If you have further questions, don't hesitate to ask then in this forum. Maybe others can share their experiences and opinions here, too.

By the way, in Wikipedia I read "A quadratic form over a field  K is a map q : V -> K from a finite-dimensional K-vector space to K such that q(av) = (a^2)q(v) for all a in K, v in V and the function q(u+v)-q(u)-q(v) is bilinear." Is the first condition really sufficient for your purposes, or do you need the bilinearity, too?

Regarding your second question: maybe someone else has an answer for it.

Alexander

vvs

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Feb 5, 2022, 6:10:15 PMFeb 5
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Hi Mingli,

(2) How can we express something like a type with parameter and the initialization of a type with parameter.

I'm not an expert, so don't take my word for it. But let me guess. Haskell is based on simple type theory while set.mm is ZFC, i.e. set theory. They are different beasts. You can embed type theory, of course, but that would not be set.mm anymore, IMHO.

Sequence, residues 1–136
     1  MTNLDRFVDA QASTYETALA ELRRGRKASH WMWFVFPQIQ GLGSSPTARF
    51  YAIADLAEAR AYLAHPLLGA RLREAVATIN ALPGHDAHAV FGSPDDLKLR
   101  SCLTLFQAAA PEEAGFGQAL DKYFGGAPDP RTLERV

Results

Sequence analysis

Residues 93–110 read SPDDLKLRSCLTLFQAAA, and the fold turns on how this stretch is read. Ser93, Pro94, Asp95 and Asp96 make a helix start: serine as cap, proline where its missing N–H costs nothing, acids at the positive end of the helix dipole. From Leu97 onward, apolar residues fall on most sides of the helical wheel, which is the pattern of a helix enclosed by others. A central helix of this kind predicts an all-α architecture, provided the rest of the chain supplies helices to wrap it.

But maybe some real expert will say that I'm telling nonsensicality and this should be easy to do :) 

Mingli Yuan

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Feb 5, 2022, 10:26:01 PMFeb 5
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Thanks, Alex and vvs

Quadratic form is widely used, but looks like it is still missing in metamath.
I guess I need the bilinear condition but I'm not sure about it. In fact, following paper[1], I am trying to solve Pascal's Hexagon theorem.

If not wrong, I did not see too many obstacles for the formalization of the simple proof.
The next step is to introduce homogeneous coordinates which connect conic sections in 2d with quadratic form in 3d.
And then by some algebraic property of cross product in 3d space to prove the theorem.
(we still do not have cross product in 3d?)

Maybe difficult for a newbie to solve, at least it is a good chance for exercises.
So far the learning curve is a little bit steep because a lot of conventions are not documented?
But the community is very nice, which reminds me of Norm.

[1]: A very simple proof of Pascal’s hexagon theorem and some applications by Nedeljko Stefanovic and Milos Milosevic





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Mario Carneiro

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Feb 6, 2022, 1:39:19 AMFeb 6